1) "YADAYIM SHE'EINAM MOCHICHOS"
QUESTION: Shmuel teaches that when a person attempts to make a Neder by declaring merely the words, "Mudrani Mimcha," his declaration is considered "Yadayim she'Einam Mochichos" and he is not prohibited from benefiting from his friend. The Neder does not take effect because Shmuel rules that "Yadayim she'Einam Mochichos" are not considered Yadayim. The RAN explains that according to Shmuel, no Neder takes effect whatsoever when a person declares the words "Mudrani Mimcha" alone.
However, the Ran cites another opinion that rules that even according to Shmuel, a person who says "Mudrani Mimcha" does become prohibited from speaking with the other person, but he is not prohibited from receiving benefit from him. This seems to be the opinion of the RAMBAM (Hilchos Nedarim 1:23).
According to this opinion, why does the statement of "Mudrani Mimcha" prohibit the person from speaking with his friend if it is "Yadayim she'Einam Mochichos"? Since the intention of his words is unclear, he should not be prohibited at all (according to Shmuel).
(a) The RAMBAM apparently maintains that "Mudrani Mimcha" is a Yad Mochi'ach for a prohibition of Dibur (speaking with the other person). When a person wants to prohibit himself from speaking to someone else he uses the phrase, "Mudrani Mimcha." The Gemara calls it a "Yad she'Eino Mochi'ach" only with regard to the prohibition of Hana'ah, benefiting from the other person. (When one says "Mudrani Mimcha she'Ani Ochel Lecha" -- "Mudrani Mimcha that I will eat from you," it is clear that he is prohibiting himself only from eating the food of the other person and not from speaking with him.)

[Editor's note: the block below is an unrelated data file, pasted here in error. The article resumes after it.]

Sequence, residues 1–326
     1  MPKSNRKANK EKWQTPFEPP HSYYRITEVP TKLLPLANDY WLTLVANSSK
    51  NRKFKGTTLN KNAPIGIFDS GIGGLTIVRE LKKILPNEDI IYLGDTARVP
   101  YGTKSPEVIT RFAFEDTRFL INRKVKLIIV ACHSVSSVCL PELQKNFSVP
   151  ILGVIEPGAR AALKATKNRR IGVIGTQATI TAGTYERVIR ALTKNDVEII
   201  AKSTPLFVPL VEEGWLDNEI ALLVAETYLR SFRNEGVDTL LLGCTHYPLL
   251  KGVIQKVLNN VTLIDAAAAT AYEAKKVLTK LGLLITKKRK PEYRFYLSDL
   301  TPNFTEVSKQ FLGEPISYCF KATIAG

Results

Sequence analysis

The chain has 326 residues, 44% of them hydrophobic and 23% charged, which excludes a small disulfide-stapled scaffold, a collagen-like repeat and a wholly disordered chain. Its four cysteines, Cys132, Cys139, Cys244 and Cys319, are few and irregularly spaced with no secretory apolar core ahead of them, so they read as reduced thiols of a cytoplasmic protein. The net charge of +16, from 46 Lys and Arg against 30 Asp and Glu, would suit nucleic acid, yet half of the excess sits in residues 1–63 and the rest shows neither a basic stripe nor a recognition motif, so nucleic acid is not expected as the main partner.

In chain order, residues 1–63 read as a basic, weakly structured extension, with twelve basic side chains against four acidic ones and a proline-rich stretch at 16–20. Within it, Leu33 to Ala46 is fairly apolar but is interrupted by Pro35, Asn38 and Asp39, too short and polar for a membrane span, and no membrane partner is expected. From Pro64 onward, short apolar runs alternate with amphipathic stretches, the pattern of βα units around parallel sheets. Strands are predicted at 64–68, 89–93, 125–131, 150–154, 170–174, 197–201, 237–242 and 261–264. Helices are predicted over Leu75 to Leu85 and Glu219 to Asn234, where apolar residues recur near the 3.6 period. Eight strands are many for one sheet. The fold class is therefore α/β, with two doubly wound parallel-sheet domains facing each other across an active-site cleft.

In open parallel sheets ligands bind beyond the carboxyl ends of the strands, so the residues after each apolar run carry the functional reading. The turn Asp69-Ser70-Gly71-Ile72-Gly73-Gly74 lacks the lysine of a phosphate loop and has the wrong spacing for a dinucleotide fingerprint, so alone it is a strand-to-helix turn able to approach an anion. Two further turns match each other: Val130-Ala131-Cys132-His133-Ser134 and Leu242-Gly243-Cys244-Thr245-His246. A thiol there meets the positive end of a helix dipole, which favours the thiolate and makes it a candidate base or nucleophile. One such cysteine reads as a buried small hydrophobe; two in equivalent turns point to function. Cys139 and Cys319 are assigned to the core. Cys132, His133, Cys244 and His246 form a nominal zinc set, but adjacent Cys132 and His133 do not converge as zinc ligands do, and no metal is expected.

How, though, does the Rambam understand the opinion that maintains that "Yadayim she'Einam Mochichos" are considered Yadayim? In the case of "Mudrani Mimcha," that opinion must agree that he is forbidden from speaking with the other person since it is a Yad Mochi'ach for the prohibition of Dibur, but that opinion must also rule that a prohibition of Hana'ah takes effect as well since it is a Yad Mochi'ach! How can one phrase imply two completely different concepts, a prohibition of Dibur and a prohibition of Hana'ah? Moreover, the phrase "Mudrani Mimcha" certainly implies a prohibition of Dibur more than a prohibition of Hana'ah. Why, then, is there a prohibition of Hana'ah altogether? (ROSH)
Perhaps the Rambam understands that according to the opinion that "Yadayim she'Einam Mochichos" are Yadayim, the person who made the Neder has the ability to clarify afterwards what he meant, and the Neder takes effect according to his clarification.